About the Author: Evan Walker is an intern at HHM. He enjoys walks on the beach and sharing stories about people and events from the past. Evan will be going into his sophomore year at Luther College in the fall, studying History. His main project is running the Facebook group for external research, so if you’re interested in seeing and researching some cool artifacts to help out the museum, talk to Heather Hoagland, the Collections Manager, about joining us to have fun researching and finding out all the secrets most people don’t know about Hennepin County. Contact Heather at heather.hoagland (at) hennepinhistory.org or 612-870-1329.

This item has recently been photographed and documented as part of a complete and comprehensive cataloging project. Eventually, all items will searchable online! Thank you to our volunteers for their hard work, and to our financial donors for supporting this project. To make a contribution to support local history, please click here.

Sources 

Vanishing Twin Cities: The End of Burch Pharmacy

Early Minnesota Medicine: Staying Healthy on the Frontier

The Minnesota frontier could be a frightening place to have an illness by today’s standards. Travel was slow, medical education was unregulated, and medicines were often limited to what you could make with the plants at hand. Many of these medicines that early white colonists in Minnesota used were remedies that had been learned from Native Americans, some of which were described in detail in “Home Remedies of the Frontier,” written in 1949:

The Chippewas learned that the pitch of the balsam fir would help a headache. The umbrella plant was applied as a poultice for a sprain, and wild sarsaparilla was good for the blood. […] Wild ginger was good for a pain in the stomach and the fern helped to relieve insect bites, of which there were many.

Some of these early medicines, including our object of the week, are part of the Hennepin History Museum collection. This particular photograph shows a two quart jar with strips of poplar bark, used as a medication for ulcers. The instructions on the jar read, “Steep a few pieces and drink in the morning before anything.” Another medicine acquired was a jar of quassia bark, used by the donor’s mother to create a “bitter concoction,” which her children dipped their fingers into to discourage nail biting.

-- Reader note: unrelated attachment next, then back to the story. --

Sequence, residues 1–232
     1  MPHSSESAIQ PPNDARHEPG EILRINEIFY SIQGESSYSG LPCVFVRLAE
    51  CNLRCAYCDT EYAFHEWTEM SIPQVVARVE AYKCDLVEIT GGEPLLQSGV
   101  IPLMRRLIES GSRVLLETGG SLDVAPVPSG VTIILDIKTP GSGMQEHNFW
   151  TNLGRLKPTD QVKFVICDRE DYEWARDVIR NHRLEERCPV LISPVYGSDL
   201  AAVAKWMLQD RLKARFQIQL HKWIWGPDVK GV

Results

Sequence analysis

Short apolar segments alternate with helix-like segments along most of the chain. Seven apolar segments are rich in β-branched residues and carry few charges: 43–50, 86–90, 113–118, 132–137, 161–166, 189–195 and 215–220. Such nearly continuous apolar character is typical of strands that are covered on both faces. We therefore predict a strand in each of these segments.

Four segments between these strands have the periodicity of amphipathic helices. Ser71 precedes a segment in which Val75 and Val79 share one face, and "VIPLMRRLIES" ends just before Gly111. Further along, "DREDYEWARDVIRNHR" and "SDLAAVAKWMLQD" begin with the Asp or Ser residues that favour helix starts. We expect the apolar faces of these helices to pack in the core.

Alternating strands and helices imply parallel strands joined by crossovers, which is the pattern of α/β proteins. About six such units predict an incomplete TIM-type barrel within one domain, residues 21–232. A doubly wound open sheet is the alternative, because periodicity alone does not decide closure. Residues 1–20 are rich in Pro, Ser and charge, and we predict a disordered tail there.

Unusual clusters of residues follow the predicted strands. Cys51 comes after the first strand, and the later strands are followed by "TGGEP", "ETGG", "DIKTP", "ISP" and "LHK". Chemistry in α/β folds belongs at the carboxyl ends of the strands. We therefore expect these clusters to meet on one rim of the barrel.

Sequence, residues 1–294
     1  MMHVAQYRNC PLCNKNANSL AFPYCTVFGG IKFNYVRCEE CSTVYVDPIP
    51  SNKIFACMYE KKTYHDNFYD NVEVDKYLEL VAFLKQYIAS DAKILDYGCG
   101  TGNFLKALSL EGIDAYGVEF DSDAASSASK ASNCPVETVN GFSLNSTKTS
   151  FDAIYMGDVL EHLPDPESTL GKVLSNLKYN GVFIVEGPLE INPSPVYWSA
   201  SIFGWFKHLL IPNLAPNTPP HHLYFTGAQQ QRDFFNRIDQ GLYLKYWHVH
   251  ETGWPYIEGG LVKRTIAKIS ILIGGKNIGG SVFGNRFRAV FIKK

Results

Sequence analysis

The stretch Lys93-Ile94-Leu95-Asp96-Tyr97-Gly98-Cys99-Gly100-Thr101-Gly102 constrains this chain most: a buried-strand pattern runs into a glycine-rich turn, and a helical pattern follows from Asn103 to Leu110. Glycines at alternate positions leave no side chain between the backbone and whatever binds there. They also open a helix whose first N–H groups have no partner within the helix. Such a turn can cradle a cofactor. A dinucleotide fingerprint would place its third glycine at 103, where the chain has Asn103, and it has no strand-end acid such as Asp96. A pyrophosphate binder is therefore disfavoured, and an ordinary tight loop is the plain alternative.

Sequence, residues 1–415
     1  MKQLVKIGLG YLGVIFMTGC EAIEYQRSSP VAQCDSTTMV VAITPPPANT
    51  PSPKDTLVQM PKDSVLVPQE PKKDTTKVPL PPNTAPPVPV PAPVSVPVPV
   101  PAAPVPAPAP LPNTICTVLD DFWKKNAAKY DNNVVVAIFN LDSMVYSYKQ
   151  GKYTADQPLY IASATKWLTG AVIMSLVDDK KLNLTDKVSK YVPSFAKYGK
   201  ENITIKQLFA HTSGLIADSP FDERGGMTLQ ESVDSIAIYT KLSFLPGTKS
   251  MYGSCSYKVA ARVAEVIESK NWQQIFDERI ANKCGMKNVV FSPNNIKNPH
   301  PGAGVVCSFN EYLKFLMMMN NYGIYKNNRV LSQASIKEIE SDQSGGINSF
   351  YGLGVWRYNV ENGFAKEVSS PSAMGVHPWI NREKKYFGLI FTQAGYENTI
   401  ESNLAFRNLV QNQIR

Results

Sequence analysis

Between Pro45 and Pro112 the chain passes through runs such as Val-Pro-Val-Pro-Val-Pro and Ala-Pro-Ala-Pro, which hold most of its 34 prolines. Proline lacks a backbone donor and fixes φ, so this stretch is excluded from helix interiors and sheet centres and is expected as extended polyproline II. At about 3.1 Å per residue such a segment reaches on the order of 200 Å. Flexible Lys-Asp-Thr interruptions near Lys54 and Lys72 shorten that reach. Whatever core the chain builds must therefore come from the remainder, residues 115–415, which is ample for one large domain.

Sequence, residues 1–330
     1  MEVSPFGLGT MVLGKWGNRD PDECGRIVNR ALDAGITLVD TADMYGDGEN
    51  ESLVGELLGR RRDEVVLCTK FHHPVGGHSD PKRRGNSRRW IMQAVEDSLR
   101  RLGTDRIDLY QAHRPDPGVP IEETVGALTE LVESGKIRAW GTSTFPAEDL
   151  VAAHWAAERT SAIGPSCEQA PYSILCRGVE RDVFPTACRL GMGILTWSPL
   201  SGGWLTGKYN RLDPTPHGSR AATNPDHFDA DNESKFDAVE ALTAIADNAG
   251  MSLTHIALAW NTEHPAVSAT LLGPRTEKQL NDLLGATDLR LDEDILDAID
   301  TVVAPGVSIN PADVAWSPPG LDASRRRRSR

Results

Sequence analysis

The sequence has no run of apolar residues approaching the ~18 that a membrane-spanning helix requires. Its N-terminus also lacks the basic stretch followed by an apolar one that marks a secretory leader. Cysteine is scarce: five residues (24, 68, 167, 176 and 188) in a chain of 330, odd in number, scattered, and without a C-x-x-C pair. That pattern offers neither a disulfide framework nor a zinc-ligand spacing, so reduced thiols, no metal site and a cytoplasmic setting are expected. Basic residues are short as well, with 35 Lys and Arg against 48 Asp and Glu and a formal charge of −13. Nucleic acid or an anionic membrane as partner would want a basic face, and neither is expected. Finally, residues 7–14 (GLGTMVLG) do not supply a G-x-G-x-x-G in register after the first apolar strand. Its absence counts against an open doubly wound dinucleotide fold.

In the early days of American pharmaceutical companies, these plant-based medicines were quickly capitalized, and rather than the long process of research and testing required for medicines to reach the market today, Madison writes that “unproved claims for efficacy provided the means of enticing consumers to buy the product.” The very first Minnesota newspaper devoted over three columns to drug and medical advertisements, and “there was no lack of enthusiasm in the claims for what a bottle or a pill would do.” (Home Remedies).

As the pharmaceutical industry blossomed, regulations became tighter and many of plant-based medicines, whose benefits could not be scientifically proven, were considered obsolete. Today, Hennepin History Museum is home to some of these old remedies, remnants of a bygone era on the Minnesota frontier.

Author Caitlin Crowley graduated this spring with a BA in history and a minor in medieval studies from Augsburg College. This fall she will be attending the University of Minnesota for a masters in Heritage Studies and Public History.

Resources

“Home Remedies of the Frontier,” The Saint Louis Park Dispatch, July 8, 1949, Medicine: MN: First Doctors and Early History Folder at Hennepin History Museum.

James H. Madison, “Eli Lilly: A Life, 1885-1977,” Indianapolis: Indiana Historical Society Press, 2006.

“Patient Was Classroom Before 1893: Medics Were Once a ‘Rough Lot’,” Minneapolis Star, November 2, 1965.

“The Sick on the Frontier,” The Hennepin County Review, June 9, 1949, Medicine: MN: First Doctors and Early History Folder at Hennepin History Museum.